The county Board of Elections will wait until the ballot-return deadline before pre-canvassing mail-in ballots from the batch of 28,879 voters who received misprinted ballots and then got corrected replacements, so the misprints can be matched up with the replacements and each person's vote only counted once.
"The BOE agrees that it will not pre-canvass any of the initial ballots or corrected ballots until after the ballot acceptance deadline to ensure that only one ballot is counted per voter," the consent agreement between the county and the Republican plaintiffs said. "All persons authorized may observe the pre-canvassing of these ballots in the same manner and to the same extent as any other ballot pre-canvassed pursuant to the Pennsylvania Election Code."
The process in the settlement was substantially the same as what county attorney Andrew Szefi had described as the county's plan in a hearing Friday. In the lawsuit, candidates Sean Parnell and Luke Negron had sought to preemptively treat all the ballots as "challenged" or "provisional" and sought to give poll watchers access to the satellite election offices where ballots were being returned over the weekend.
Allegheny County had said its Ohio-based vendor had an "imaging error" in printing the ballots, which resulted in each voter getting the ballot for the next voter in the print queue. The county and vendor then sent out corrected ballots, which were externally distinguishable with an orange stripe on their outer envelopes.
Parnell and Negron had sued Oct. 16, initially demanding poll watcher access and that the county stop all pre-sorting and scanning of the ballots altogether, but the court denied the poll watchers at the same time a state court denied a similar request for access to Philadelphia's satellite election offices. The request for a halt to scanning and sorting was dropped from the candidates' amended complaint when the county emphasized that it would delay pre-canvassing and counting by days or even weeks.
The candidates agreed to withdraw the lawsuit with the settlement, which still leaves days after Election Day for potentially tens of thousands of votes to be counted in the battleground state.
Under Sunday's settlement, the misprints and corrected ballots will continue to be sorted and kept in separate areas of the county's secure ballot storage area. They will not be touched again until the ballot-return deadline passes so all eligible ballots have been received. The deadline is Nov. 6 for all ballots dropped off or mailed by 8 p.m. on Election Day, though there are a number of challenges from Republicans in federal court seeking to roll back the three-day extension that the Supreme Court of Pennsylvania had granted in September.
After the deadline passes, the segregated ballots will then be sorted into three categories: votes where just the corrected ballots were returned, votes where both the misprint and the corrected ballots were returned, and votes where just the misprinted ballots were returned.
For the first two categories, only the corrected ballots will be counted, and any misprinted ballots they corresponded to will be kept "unopened, segregated and securely stored," the settlement said.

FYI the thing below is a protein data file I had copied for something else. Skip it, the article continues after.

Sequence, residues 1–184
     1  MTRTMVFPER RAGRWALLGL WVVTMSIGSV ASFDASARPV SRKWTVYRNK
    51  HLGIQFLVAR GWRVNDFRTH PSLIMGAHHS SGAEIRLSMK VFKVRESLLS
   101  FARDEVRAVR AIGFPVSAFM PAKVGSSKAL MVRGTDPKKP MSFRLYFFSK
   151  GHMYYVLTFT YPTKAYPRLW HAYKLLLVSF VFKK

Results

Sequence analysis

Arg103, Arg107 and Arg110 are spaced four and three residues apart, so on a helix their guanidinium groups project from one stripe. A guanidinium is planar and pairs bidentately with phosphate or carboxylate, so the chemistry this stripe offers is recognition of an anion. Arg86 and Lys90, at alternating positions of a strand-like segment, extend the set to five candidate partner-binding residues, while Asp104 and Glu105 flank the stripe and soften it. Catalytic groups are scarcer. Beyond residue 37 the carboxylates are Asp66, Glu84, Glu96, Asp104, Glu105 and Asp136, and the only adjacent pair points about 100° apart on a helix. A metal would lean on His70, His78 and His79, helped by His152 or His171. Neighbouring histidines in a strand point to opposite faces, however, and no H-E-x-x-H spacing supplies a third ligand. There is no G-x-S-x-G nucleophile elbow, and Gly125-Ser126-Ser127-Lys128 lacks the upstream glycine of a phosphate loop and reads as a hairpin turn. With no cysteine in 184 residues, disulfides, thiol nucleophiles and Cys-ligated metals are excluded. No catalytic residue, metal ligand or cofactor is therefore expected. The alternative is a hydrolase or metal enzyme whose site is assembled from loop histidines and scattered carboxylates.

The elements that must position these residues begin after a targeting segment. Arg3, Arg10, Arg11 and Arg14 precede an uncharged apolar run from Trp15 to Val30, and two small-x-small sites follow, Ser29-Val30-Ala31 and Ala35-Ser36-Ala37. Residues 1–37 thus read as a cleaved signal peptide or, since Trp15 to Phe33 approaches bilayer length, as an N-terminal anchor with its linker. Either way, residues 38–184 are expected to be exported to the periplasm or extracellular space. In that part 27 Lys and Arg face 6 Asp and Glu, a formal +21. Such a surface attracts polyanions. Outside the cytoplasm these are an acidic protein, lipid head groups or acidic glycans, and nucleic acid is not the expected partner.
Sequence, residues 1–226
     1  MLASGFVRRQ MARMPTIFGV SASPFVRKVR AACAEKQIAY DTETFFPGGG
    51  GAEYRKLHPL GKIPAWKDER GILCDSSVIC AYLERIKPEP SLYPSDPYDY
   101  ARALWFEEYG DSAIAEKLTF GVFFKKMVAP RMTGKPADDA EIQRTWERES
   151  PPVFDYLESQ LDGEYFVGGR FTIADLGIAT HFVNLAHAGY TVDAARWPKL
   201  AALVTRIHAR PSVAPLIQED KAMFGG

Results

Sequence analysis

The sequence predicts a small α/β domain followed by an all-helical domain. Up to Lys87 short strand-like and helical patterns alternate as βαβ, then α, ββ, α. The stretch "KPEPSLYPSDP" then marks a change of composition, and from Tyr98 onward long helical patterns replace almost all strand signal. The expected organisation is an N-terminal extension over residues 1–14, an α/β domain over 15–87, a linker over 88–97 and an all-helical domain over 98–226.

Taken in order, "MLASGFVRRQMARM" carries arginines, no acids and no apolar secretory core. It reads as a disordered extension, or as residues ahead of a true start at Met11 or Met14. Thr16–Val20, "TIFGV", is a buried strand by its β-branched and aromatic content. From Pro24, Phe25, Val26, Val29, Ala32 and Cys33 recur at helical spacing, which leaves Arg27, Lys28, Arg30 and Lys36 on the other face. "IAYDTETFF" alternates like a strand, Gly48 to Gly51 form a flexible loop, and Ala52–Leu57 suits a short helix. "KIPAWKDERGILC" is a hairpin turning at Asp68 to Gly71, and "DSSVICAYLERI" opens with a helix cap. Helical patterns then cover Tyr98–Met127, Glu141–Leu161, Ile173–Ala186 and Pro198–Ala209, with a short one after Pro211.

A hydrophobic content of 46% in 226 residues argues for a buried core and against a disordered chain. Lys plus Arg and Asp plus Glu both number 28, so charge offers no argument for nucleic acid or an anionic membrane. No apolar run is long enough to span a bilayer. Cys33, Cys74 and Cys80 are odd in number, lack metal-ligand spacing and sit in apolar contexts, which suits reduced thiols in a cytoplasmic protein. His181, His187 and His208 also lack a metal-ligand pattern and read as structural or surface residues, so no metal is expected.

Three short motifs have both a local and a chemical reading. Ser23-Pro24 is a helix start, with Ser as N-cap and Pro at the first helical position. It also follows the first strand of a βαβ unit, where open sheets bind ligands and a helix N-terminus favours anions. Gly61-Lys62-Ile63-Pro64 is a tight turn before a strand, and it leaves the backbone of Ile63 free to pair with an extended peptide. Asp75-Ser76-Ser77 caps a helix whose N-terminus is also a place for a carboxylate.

For the category where only the misprints were sent back and there were no matching corrected ballots from the same voter, the county will disregard any votes for races in the incorrect districts but will count the rest.
"With respect to [voters who returned only an initial ballot], the County Board of Elections shall count only those portions of an initial ballot for those public offices that the individual voting that initial ballot would have been eligible to vote for in the individual's proper election district and at the election district if the individual had cast a vote in person," the settlement said.
Szefi had said in Friday's hearing that scanning ballots into the state's computer system as they arrived helped flag when a voter returned both ballots, since the system alerts when a voter is scanned into the system more than once.
In a statement from the county Monday, Szefi blasted the lawsuit as a "waste of time and resources."
"These candidates sought to have poll watchers in offices and to challenge the ballots of over 28,000 innocent voters. They accomplished neither," he said. "Instead, they are now endorsing a process that was in place and transparently explained before they ever took us to court."
Attorney Thomas King III of Dillon McCandless King Coulter & Graham LLP, representing the candidates, said the settlement formalized the process and made it legally binding.
"We have a complete procedure … of how to deal with 29,000 mishandled ballots," King told Law360 on Monday. "This was a matter absolutely not provided for in the Pennsylvania Elections Code. Absent this agreement, there would have been nothing aside from the Allegheny County Elections Bureau making things up as it went."
Counsel for intervenors from the Pennsylvania Democratic Party did not immediately respond to requests for comment.
The Republican candidates and prospective poll watchers are represented by Thomas King III, Thomas Breth and Jordan Shuber of Dillon McCandless King Coulter & Graham LLP.
Allegheny County is represented by Virginia Spencer Scott, Andrew Szefi, Frances Liebenguth and George Janocsko of the county law department.
The Democratic Party intervenors are represented by Clifford B. Levine, Alex M. Lacey and Kyle J. Semroc of Dentons Cohen & Grigsby PC and Lazar M. Palnick.
The case is Parnell et al. v. Allegheny County Board of Elections et al., case number 2:20-cv-01570, in the U.S. District Court for the Western District of Pennsylvania.
--Editing by Orlando Lorenzo.
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